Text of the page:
The USDA estimates that farmers in the U.S. will plant nine million more acres in corn in 2013 than they did in 2011, an increase of almost 10 percent. Over the same period, the USDA reports that four million acres have been taken out of the Conservation Reserve Program (CRP), a decline of almost 13 percent. These trends do not bode well for water quality, greenhouse gas emissions, and other critical environmental concerns. There are far more environmentally sustainable ways to meet growing demand for food, feed and renewable fuels than this. Will the next Farm Bill show the way?

Corn prices have moderated significantly in recent months from the August highs in the midst of last summer’s drought. However, they have risen again recently, as U.S. supplies have diminished and on concerns that last year’s drought is still not over for much of the country as farmers approach the next planting season. Read more in this recent news story from Bloomberg .

In turn, high crop prices are driving producers’ plans for the coming planting season. In the USDA’s January 11 World Agricultural Supply and Demand Estimates , the agency projects that producers will plant 97.2 million acres of corn in 2013, up from 91.9 million in 2012 and 88.2 million in 2011.

Where will all of this land come from? According to the same USDA projections, it is not likely to come from farmers switching land over to corn from other crops such as soybeans or wheat. Acreage planted for those crops is projected to increase or hold steady. Rather, much of the land likely will come from converting pastures, using land that has not been farmed recently or previously, and acreage returning to production from expiring CRP contracts.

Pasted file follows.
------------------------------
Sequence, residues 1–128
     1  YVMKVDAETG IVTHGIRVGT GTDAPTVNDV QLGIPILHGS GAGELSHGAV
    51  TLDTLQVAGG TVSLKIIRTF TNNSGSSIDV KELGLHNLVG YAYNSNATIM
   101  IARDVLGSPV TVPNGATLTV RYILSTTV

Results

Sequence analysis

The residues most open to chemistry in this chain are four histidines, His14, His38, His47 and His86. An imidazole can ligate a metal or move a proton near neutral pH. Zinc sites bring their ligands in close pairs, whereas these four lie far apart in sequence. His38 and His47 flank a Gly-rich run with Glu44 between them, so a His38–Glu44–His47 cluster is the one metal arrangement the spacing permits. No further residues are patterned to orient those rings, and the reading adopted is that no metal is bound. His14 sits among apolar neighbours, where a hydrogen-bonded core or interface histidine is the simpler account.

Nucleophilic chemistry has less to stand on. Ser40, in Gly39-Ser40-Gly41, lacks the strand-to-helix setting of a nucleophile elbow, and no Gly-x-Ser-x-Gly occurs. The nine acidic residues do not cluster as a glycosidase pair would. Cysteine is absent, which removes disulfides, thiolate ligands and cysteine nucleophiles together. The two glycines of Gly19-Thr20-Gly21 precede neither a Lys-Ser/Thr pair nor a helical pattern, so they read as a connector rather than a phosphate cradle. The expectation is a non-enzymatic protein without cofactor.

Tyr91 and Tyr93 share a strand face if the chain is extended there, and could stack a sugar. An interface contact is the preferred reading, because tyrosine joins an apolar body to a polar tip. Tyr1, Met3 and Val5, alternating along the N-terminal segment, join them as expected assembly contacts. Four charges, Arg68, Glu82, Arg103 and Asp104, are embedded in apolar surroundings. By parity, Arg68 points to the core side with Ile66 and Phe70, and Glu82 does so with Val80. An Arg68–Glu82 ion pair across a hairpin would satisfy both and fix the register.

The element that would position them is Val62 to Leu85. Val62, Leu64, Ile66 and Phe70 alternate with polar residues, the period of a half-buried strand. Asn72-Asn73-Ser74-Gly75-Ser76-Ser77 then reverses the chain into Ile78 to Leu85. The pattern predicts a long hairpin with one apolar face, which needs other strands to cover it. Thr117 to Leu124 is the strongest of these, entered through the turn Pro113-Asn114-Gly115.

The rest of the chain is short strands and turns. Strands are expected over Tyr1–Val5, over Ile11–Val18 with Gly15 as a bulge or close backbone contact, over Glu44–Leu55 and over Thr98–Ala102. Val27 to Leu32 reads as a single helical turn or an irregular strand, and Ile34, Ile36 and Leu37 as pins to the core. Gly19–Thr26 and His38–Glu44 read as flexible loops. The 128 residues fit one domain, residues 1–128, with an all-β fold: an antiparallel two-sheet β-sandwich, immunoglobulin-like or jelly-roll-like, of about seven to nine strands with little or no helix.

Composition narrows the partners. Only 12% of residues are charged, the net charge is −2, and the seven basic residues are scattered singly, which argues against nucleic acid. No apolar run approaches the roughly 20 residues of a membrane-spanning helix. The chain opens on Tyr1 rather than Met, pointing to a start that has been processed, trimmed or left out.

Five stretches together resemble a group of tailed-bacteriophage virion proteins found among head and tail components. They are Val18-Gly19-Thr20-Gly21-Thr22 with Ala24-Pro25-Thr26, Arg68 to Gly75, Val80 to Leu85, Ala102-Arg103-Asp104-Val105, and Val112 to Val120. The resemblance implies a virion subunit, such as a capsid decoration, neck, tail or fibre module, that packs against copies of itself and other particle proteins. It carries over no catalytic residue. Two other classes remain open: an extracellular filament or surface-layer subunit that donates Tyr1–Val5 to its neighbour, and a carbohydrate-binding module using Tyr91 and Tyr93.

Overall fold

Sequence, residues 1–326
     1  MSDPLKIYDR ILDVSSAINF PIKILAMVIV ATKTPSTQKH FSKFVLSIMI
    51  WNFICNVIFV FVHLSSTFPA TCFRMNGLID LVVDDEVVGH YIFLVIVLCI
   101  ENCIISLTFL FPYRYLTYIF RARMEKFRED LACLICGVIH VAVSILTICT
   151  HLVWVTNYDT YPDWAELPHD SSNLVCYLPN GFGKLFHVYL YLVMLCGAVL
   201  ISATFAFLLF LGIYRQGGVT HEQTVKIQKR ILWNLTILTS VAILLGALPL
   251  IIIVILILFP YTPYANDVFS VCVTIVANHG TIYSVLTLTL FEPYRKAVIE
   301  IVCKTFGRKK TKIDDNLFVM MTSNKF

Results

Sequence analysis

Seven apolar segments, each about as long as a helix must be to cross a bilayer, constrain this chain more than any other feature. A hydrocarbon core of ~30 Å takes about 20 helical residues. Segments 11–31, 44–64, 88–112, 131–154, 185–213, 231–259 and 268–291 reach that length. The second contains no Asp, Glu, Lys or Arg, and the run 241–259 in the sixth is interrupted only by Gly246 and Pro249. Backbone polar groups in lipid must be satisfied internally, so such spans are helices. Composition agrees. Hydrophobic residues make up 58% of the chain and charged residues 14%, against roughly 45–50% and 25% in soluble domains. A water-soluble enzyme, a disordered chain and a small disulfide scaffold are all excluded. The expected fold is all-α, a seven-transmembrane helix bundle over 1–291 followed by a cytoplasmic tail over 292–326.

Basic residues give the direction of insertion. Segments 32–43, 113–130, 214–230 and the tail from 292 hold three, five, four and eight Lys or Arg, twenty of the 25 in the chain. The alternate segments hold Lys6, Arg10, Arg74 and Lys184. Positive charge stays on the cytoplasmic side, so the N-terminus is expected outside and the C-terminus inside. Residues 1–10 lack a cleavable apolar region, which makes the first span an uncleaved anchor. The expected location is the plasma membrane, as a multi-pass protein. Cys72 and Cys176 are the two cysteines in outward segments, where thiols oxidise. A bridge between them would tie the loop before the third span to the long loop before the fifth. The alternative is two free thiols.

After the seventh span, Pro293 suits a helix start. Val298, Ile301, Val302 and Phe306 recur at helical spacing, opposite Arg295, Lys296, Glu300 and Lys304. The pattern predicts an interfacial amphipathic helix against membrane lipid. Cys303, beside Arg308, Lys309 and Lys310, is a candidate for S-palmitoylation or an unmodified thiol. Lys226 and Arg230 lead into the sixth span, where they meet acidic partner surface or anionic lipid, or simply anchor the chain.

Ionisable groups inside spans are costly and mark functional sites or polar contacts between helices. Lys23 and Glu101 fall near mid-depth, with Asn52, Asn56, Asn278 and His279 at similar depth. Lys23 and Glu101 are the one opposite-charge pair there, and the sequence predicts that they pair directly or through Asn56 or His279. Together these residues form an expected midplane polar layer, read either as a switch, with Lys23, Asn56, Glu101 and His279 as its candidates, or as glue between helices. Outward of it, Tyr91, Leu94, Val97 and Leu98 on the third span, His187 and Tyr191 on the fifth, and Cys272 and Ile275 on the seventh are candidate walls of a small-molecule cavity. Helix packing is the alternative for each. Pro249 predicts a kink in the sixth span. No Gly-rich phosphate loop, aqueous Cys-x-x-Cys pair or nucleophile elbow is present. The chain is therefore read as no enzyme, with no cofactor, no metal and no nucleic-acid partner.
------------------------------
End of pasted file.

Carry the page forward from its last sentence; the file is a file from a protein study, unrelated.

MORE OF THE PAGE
The USDA Farm Service Agency reports that acreage enrolled under CRP contracts has declined by four million acres since the end of 2010, to a total of about 27.1 million acres at the end of 2012. Contracts on another 3.3 million acres are scheduled to expire in 2013. While many of those CRP contracts may be renewed for another term, with high crop prices, many farmers are likely to bet that they can make more money by returning the land to production than from the relatively low rent payments received from the CRP.

The expansion of crop acreage to marginally productive new land and the conversion of CRP land back to row crops does not bode well for water quality, greenhouse gas (GHG) emissions, or wildlife conservation. As reported in a previous SBFF post ( As Dead Zone in Gulf of Mexico Shrinks, Will Perennial Biomass Crops Help Keep It That Way? ), nutrient run-off from expanded corn and soy production in the Mississippi watershed has contributed significantly to ground and surface water pollution and the formation of an extensive, oxygen-depleted, dead zone in the northern Gulf of Mexico. Agriculture is estimated to contribute about half of the excess nutrient load. Opening millions more acres of land to mostly corn production will only compound the pollution.